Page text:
But let’s say I attend with curiosity to the alternative. Across the world, I am told, sex is forbidden before a hunt because the animals get jealous. Or rather the female spirits to whom those animals belong. And maybe the idea of such spirits isn’t actually all that strange to someone, like me, who has to handle the scientifically dubious idea of a ‘species’ which somehow transcends the individuals that compose it. If I’m really honest I’ll admit to my fancies of hoofprints blooming somehow in the dust piles on my heart or appearing on tattered bus maps on Hanoi cafe tables sometimes in lipstick. I mentioned these only in my notebooks but, after the dream in Cambodia, they dried up. I felt I’d lost the right to talk like that.

I’d thought that dream, with its collective decision to accept rape, was about horror at my own shared power and the moral choices it entailed. Perhaps the truth is that, if I want to act, and I don’t want to behave like a rapist, I have to choose communication. But I am frightened of who I’ll end up in communication with. The forest spirits in the saola’s own hills once fed enthusiastically on the blood of kidnapped children and the people feared them still. I remember a man rejoicing that they’d been driven back to their sources by the power of ‘the Revolution’, by which he meant the modern world.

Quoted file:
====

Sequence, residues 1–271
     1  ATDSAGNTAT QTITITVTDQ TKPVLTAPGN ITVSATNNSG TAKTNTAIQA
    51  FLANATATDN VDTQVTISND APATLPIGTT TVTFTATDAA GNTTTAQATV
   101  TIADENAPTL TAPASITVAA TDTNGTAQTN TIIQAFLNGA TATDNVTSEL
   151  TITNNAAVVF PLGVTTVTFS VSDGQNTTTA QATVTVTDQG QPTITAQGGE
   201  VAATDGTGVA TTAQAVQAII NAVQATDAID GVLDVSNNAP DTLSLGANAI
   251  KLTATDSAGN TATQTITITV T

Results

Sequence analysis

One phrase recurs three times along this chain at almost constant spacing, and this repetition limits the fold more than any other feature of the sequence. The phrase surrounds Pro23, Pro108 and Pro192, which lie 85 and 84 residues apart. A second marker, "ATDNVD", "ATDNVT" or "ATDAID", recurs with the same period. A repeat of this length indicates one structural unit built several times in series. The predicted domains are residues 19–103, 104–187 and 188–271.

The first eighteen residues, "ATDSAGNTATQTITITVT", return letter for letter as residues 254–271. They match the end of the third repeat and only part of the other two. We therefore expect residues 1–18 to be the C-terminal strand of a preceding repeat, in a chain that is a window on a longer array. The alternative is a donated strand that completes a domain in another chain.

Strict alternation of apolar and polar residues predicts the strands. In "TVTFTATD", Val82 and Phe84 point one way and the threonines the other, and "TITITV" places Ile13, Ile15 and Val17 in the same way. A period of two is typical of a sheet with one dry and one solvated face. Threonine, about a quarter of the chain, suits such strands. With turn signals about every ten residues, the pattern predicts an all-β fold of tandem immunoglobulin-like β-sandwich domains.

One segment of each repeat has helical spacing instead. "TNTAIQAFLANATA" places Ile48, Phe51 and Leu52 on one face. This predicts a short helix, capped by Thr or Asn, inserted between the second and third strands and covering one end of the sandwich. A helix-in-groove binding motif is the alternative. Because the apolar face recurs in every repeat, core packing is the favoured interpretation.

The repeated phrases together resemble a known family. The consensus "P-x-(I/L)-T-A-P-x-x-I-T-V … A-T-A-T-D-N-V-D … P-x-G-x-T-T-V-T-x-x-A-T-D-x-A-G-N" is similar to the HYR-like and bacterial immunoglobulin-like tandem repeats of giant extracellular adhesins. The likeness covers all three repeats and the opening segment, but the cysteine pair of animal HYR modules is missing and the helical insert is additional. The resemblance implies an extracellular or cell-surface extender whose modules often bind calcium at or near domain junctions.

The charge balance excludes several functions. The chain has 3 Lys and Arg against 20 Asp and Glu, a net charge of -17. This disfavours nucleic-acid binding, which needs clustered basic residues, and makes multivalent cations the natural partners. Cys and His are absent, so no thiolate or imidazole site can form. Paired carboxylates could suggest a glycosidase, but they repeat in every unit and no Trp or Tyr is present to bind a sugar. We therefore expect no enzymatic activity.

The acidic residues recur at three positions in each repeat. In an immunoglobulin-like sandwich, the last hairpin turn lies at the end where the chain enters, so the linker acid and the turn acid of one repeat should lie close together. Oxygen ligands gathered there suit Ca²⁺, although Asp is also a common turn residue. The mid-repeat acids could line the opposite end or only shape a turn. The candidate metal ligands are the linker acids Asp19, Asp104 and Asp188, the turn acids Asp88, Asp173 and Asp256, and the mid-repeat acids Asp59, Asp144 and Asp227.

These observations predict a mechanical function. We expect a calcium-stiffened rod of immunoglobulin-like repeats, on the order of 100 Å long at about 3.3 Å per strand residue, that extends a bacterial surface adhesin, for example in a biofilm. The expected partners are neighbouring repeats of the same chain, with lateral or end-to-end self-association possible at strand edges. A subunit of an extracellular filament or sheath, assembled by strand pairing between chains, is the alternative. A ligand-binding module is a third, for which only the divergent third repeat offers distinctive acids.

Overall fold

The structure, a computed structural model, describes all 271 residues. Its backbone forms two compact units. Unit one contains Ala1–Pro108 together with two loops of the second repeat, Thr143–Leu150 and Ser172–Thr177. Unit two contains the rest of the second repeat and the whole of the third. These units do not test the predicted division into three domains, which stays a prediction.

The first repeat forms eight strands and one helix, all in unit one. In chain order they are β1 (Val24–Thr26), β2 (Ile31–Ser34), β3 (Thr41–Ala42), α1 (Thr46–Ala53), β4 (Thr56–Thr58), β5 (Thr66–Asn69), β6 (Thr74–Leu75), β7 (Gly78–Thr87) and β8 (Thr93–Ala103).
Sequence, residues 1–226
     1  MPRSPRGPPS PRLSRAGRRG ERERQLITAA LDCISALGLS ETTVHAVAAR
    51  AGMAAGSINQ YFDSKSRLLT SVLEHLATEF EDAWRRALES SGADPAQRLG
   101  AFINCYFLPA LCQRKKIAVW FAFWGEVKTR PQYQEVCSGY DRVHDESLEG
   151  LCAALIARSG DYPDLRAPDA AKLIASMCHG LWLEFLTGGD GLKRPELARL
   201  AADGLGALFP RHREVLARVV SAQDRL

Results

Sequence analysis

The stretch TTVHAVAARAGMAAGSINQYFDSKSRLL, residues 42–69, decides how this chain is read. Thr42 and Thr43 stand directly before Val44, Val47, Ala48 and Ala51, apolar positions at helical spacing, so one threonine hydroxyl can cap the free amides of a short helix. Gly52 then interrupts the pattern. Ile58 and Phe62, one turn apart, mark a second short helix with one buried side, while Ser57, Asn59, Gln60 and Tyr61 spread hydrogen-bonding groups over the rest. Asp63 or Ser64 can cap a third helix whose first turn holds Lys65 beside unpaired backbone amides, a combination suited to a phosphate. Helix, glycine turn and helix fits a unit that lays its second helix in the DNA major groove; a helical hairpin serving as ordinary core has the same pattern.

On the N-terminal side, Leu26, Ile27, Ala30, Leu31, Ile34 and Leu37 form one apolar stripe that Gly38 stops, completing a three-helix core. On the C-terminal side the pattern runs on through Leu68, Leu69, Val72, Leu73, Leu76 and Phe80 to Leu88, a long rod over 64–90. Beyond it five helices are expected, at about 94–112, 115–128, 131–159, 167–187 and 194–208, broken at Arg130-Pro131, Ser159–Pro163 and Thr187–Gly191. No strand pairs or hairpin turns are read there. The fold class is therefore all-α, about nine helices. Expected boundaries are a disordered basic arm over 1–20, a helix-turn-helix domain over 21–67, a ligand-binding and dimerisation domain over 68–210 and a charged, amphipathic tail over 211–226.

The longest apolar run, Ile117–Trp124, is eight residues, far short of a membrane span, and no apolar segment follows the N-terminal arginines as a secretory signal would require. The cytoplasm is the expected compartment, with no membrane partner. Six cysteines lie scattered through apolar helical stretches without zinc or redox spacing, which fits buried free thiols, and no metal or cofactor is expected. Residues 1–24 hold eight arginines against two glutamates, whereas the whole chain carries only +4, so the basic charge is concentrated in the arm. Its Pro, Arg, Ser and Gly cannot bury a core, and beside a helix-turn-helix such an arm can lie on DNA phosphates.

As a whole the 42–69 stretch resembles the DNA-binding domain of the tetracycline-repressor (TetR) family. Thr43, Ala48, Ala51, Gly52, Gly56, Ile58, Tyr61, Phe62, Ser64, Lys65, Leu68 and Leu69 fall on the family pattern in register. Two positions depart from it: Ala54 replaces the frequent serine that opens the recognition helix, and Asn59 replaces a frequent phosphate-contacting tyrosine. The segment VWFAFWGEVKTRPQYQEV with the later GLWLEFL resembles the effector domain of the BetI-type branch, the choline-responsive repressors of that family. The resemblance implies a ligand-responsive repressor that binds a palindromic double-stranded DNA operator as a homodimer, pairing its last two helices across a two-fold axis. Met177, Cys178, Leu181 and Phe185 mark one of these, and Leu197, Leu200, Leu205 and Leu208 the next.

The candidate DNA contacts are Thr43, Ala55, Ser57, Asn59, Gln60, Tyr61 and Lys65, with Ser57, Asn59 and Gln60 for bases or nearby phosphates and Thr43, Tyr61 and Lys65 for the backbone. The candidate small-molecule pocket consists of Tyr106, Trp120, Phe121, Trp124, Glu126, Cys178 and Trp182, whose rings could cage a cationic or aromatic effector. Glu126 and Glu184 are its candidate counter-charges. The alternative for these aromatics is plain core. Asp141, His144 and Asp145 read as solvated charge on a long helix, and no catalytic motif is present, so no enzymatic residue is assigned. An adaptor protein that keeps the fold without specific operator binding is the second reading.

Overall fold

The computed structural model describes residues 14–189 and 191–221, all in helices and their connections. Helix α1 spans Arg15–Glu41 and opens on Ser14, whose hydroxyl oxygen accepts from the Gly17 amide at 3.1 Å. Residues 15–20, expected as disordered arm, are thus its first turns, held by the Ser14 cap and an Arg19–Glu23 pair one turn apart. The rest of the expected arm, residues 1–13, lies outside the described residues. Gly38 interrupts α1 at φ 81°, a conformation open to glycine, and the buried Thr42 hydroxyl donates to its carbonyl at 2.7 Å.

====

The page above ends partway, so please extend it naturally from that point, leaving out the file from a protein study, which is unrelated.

I think of the nights hiding in my hammock in those hills while glow worms moved over the boulders and I tried not to think of white ankles disturbing the stream. As the light failed, shadows took shape between me and the stars and I’d close the  hammock over me because, as I put it then, tomorrow would be hard work and I needed my sleep.

 

If you would like to know more about the saola you can find more here: savethesaola.org 

 

Dark Mountain: Issue 19

Our spring 2021 collection of prose, poetry and art revolves around the theme of death, loss and renewal

Read more
Reply

Leave a Reply

Your email address will not be published. Required fields are marked *